While attending a conference at Columbia University last spring, I took time to visit a monument in the law school plaza dedicated to the celebrated General William J. "Wild Bill" Donovan. The bronze sculpture, 14 feet tall and set on a 7-foot pedestal, was commissioned by Donovan's friends, created by the Dutch artist Kees Verkade, and unveiled in 1979. I had completed my graduate studies at Columbia a decade earlier, and had seen the piece a few times while attending conferences there in later years. Recently, the sculpture had been featured in the Columbia alumni magazine, so I decided to take a closer look. In preparation for his work, Verkade studied Donovan's life closely, and concluded that the "controlled daring" of Donovan's life would best be expressed by a tightrope walker, in which one figure balances himself precariously on the shoulders of another as the two of them walk the length of a cable.
William J. Donovan, as many Niagarans know, was born in Buffalo to a family living a step away from poverty. He entered Niagara in 1899 and for the next three years distinguished himself as a scholar and orator, at the same time earning the captaincy of the varsity football team. Donovan transferred to Columbia College in New York to prepare for entrance to the Columbia Law School. There, he met and befriended Franklin Delano Roosevelt, who later launched him on a career that led to the creation of the Office of Strategic Services, a revolutionary new organization for gathering intelligence and waging unconventional warfare, and which served as predecessor to the Central Intelligence Agency. One of Donovan's young protégées at OSS was Allen Dulles, later the CIA chief under Presidents Eisenhower and Kennedy. Dulles remembered Donovan's "vast interest in the unorthodox, the novel, and the dangerous," and his success in assembling brilliant and daring minds from academe, business, and the arts -- indeed any source -- to find unique ways of discovering the mind of the enemy and sabotaging his war effort. Donovan's exploits as founder of OSS and father of the CIA are too detailed to narrate here. But his legacy continues. General David Petraeus, the head of U.S. Central Command and architect of the new counterinsurgency strategy in Iraq, is a long-time admirer.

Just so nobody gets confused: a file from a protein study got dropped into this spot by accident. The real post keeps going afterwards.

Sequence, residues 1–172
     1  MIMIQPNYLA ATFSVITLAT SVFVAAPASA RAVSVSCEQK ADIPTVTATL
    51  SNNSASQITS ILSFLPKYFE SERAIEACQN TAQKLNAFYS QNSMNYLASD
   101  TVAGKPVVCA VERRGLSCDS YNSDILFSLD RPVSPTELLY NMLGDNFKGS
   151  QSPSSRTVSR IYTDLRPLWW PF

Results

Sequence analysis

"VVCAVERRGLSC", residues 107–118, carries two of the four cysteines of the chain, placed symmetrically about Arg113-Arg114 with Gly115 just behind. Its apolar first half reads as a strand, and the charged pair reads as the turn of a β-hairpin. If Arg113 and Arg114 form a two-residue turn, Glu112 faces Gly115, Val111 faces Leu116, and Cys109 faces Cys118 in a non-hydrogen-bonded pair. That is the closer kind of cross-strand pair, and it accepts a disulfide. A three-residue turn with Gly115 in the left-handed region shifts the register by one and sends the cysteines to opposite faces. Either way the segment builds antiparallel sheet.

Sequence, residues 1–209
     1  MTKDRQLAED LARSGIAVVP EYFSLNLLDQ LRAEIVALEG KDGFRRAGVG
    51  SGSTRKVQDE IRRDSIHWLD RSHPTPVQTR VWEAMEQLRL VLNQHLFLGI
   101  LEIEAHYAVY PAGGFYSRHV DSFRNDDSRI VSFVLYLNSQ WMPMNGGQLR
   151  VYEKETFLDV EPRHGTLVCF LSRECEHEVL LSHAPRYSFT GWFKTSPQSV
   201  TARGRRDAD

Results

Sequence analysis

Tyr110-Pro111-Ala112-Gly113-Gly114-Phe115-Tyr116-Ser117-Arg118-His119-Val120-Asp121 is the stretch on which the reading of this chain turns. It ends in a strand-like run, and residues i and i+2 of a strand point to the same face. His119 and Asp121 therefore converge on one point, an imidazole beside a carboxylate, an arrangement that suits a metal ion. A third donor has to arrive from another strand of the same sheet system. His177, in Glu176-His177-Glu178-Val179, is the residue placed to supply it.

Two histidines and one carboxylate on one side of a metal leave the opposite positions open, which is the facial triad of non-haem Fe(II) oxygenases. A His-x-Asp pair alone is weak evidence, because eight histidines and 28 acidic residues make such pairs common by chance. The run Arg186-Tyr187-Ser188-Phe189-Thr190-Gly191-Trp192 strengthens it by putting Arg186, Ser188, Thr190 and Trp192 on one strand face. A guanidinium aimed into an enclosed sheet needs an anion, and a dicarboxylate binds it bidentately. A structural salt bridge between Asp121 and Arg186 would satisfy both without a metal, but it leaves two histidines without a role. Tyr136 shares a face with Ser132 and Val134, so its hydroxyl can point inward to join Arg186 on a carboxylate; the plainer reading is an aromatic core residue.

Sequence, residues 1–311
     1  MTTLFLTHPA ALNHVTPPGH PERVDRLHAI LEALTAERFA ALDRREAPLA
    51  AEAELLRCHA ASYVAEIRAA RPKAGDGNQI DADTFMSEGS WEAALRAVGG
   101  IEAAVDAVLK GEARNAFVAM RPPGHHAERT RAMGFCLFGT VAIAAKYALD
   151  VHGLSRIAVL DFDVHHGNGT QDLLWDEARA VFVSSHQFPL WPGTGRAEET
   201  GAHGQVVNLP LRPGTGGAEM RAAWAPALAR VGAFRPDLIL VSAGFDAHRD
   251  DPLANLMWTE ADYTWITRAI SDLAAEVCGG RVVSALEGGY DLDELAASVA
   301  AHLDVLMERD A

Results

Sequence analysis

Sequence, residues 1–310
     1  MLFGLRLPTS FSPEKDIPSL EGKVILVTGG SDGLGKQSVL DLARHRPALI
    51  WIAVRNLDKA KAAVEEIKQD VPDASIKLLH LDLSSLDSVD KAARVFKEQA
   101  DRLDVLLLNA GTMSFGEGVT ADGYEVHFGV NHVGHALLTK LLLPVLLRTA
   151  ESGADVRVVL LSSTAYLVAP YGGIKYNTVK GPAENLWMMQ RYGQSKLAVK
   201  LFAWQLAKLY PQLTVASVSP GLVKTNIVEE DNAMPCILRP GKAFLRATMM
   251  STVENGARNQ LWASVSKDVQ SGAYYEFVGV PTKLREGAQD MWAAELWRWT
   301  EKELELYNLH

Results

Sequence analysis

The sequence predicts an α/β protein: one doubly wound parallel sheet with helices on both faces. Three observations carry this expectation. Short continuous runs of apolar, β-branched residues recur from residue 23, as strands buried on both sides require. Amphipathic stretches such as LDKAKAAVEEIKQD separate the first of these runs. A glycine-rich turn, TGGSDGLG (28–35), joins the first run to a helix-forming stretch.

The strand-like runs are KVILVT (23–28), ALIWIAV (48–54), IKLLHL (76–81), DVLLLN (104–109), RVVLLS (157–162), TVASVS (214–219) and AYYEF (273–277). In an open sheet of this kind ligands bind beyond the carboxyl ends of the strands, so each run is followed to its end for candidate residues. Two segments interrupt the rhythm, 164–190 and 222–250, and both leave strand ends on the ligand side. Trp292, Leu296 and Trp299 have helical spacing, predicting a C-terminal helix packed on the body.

But it was Donovan's heroism in France during World War I that lifted him to near iconic status on the Niagara campus. He seemed the embodiment of the spirit of Old Niagara -- intelligent but possessed of character above all. His fierce individuality seemed to have no boundaries; he could rally his men as well as save them from death. He could sustain wounds but refuse to leave the battlefield. And he did it all with a sly half-smile. His decorations in France are a remarkable testimony to his courage: The Distinguished Service Cross; the Distinguished Service Medal (with oak leaf cluster); the Purple Heart (with two oak leaf clusters); and the Medal of Honor. Niagara's young stalwarts had often modeled themselves after public figures. In 1919, William Donovan was their man. His return to campus in June of that year to receive an honorary degree at commencement was an absolute triumph. When he was awarded the National Security Medal for his service in World War II, Donovan became the only American to have received our nation's four highest military decorations.
When I think of the triumphs that characterized Donovan's military and government service and the long absences and family tragedies -- the accidental deaths of a daughter and then a granddaughter -- that so marked his personal life, I am convinced that Verkade chose his design wisely. Somehow, Donovan always managed to preserve his equilibrium in the face of heart-piercing problems. And as a soldier and spymaster, few men were more calculating. Donovan was no daredevil if, by that term, we mean someone given to recklessness and chance. He disliked the nickname "Wild Bill," as it seemed to mock his arrival as both a gentleman and strategist, and he could not explain its origin. But the nickname stuck.
Law students at Columbia have been known on occasion to place a mattress below the tightrope walker inscribed with the words: "just in case." Bill Donovan would probably smile appreciatively at the gesture, knowing all the while that he would always get to the other side.